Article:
It has and continues to be essential that the AAS strive to represent the viewpoints of our membership—a membership currently composed of 6,500 people around the world, who possess varied cultural, linguistic, academic and national backgrounds. Article V, section 1 (authority) in the AAS Constitution reads: “Ultimate authority in the Association shall be exercised by the membership.” This means that the Association’s leadership must work—every step of the way—to represent the perspectives of all members in governance, as difficult as that endeavor might be. Without the voices of our membership, the AAS ceases to exist.

The American Historical Association (AHA) recently released a statement on domestic terrorism, bigotry and history, and invited the AAS (and all other members of the American Council of Learned Societies) to co-sign it. We had already begun the process of determining the risks and relevance of doing so when criticisms of the AAS’s perceived silence appeared in Twitter streams. Why, asked several Asian Studies scholars on Twitter, had the AAS not endorsed this important statement? It would appear that the AAS does not move as fast as the immediacy of our social-media-driven world demands.

This marked the third time I had experienced such a situation since stepping into the Executive Director position in April 2019 (the first was in regards to a statement on Xinjiang, the second a statement on Stanford University Press—both of which were released after careful construction and vetting by the Executive Officers and Board of Directors, or BOD).

What happens when the Association for Asian Studies faces a decision such as whether or not to sign a statement, or to create its own, addressing an aspect of the current sociopolitical climate and/or a particular event or injustice? We proceed with extreme caution. The old stand-by response of “the AAS is a non-political organization” can only take us so far since, as South Asia Council Chair Purnima Dhavan recently reminded us in a discussion regarding AAS involvement in world affairs:

“Educational institutions are not isolated from the politics or culture of the societies from which they emerge, they are shaped by them. Neither academics nor academic institutions exist in a bubble divorced from political contexts.”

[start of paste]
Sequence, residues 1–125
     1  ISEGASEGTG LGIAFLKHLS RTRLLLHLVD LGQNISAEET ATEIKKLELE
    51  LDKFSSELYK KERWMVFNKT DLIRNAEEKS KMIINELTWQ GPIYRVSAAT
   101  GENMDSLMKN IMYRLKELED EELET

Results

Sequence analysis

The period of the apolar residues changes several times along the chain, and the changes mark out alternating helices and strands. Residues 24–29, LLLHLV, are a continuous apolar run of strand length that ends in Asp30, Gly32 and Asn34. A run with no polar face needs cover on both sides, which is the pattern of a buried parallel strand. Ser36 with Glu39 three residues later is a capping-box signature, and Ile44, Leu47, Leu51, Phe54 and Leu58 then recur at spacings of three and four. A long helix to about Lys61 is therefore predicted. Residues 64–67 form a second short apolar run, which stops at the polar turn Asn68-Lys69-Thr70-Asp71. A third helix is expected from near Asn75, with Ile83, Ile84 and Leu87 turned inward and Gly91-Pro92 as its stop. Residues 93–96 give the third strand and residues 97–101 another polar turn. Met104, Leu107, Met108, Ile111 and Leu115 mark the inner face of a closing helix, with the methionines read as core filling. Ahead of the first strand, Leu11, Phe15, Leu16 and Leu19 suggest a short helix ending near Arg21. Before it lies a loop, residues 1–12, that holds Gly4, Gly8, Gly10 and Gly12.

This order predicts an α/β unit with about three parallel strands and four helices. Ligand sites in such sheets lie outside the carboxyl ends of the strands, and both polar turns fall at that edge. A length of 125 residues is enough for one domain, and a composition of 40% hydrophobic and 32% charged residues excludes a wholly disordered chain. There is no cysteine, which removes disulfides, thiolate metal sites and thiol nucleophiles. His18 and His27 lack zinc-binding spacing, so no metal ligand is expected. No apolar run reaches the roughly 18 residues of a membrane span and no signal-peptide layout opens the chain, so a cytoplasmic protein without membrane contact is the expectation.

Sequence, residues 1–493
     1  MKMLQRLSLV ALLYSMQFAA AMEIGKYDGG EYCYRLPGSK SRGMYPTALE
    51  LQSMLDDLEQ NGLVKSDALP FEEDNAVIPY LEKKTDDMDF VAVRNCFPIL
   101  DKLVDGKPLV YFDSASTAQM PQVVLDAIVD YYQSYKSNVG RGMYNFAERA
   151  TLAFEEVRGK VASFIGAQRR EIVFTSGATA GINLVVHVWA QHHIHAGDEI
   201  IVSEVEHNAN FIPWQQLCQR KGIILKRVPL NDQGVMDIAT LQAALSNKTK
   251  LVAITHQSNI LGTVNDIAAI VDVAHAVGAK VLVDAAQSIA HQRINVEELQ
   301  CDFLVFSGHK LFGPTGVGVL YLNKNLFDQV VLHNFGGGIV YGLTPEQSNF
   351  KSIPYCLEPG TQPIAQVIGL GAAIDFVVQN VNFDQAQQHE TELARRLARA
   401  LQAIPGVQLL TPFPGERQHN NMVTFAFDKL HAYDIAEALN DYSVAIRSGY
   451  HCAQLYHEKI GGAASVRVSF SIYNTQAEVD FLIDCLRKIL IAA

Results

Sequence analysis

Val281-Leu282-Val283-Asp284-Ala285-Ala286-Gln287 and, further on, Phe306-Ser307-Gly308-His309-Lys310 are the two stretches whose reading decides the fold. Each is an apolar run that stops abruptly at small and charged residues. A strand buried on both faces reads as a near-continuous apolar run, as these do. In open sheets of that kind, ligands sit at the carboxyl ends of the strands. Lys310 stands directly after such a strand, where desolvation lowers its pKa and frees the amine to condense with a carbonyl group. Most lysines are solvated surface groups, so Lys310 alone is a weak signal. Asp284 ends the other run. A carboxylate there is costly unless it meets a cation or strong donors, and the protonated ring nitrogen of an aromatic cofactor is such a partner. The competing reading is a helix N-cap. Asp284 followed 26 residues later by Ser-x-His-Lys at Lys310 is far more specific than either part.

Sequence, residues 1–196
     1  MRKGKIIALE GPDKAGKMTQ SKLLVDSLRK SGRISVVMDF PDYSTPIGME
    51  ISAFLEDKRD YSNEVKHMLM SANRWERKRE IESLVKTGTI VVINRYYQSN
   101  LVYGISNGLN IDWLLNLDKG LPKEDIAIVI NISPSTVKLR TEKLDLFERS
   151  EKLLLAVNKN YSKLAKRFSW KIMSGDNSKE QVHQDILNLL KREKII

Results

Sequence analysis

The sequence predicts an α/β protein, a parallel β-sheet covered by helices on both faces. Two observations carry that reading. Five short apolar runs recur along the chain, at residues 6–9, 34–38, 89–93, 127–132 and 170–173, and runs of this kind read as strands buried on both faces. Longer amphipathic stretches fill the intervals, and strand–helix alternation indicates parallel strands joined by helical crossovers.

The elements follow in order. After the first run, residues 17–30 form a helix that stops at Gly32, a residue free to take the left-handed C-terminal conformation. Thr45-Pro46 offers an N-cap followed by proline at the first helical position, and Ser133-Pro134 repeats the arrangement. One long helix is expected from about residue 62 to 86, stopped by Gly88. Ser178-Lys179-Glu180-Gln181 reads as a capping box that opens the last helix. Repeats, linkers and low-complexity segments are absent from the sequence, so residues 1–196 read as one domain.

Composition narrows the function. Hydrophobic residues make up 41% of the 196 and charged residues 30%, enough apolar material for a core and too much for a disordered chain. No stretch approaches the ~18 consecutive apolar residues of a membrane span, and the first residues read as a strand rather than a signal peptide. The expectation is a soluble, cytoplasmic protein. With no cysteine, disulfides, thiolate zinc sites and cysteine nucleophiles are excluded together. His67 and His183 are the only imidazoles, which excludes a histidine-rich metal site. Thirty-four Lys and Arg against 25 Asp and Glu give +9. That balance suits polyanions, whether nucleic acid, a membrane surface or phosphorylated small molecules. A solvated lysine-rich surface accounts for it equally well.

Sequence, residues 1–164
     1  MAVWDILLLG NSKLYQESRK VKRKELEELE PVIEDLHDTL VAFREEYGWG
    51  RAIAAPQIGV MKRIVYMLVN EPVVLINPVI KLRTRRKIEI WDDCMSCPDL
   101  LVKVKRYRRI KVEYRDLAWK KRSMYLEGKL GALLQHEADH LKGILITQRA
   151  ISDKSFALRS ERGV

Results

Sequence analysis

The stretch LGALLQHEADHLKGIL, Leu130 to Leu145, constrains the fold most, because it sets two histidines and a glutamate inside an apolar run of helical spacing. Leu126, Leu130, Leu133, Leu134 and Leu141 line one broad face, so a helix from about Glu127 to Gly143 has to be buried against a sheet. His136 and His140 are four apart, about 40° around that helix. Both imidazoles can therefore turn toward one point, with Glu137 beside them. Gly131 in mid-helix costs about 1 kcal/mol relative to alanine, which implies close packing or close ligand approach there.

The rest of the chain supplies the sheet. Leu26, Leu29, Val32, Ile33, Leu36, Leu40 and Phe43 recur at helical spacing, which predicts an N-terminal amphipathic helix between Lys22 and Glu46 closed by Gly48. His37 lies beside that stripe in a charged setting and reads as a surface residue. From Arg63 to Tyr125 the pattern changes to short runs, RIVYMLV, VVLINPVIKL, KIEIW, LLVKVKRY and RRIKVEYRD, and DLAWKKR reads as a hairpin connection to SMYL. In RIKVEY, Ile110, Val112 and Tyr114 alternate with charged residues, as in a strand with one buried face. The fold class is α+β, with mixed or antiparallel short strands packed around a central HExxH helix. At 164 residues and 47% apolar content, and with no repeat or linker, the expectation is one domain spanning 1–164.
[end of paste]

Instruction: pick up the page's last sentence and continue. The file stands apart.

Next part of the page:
Situations that affect academic freedom remain our primary concern, but so do issues which affect our access to information and our very right to understand the nuances of our histories and the perspectives that shape them. At the same time, we must first ensure that the views expressed in a statement adequately reflect the concerns of the membership and, by default, the association. Such an endeavor requires much thought and the ability to assess the nuances and implications of a particular statement.

This is why it takes time for the Association to respond officially and/or sign on to a public statement. When an issue arises that AAS members and/or the BOD think we should consider speaking out about, the following steps take place:

  1. The issue is put on the table. This could come from within the AAS Secretariat or BOD, or a member could bring it to the attention of the Association, usually via their regional council representative.
  2. The Executive Director will consult with the Executive Officers (President, Vice President, Past President, and Past Past President), as well as any other relevant BOD members. They will discuss the issue and decide whether or not the AAS should consider taking action.
  3. If the Officers contend this matter is something the Board of Directors should discuss and act on, the Executive Director typically solicits feedback from the entire BOD. This stage, in particular, takes time—often several days. As a global association, our BOD members live and work in many different time zones. Especially during the summer, response times can be slow due to travel and/or periods of field research.
  4. A majority response from the twelve voting members of the Board of Directors is needed to reach a decision regarding appropriate action.
  5. If a majority of the board members votes in favor of speaking out, the AAS releases the statement in question to the public OR officially signs on to a statement crafted by our colleagues in other learned societies.

The above process may seem laborious, but remains the primary way through which we can ensure proper representation of the membership and, thus, the Association.

I encourage members to contact the AAS leadership with concerns and suggestions. As noted above, the most effective way to bring an issue to our attention is typically through your regional council representative. The council can discuss the issue and put forth a proposal for the Executive Officers and Board to consider which line of action may be most appropriate.

Thank you, as always, for your continued support of the Association for Asian Studies. Your voices make us who we are.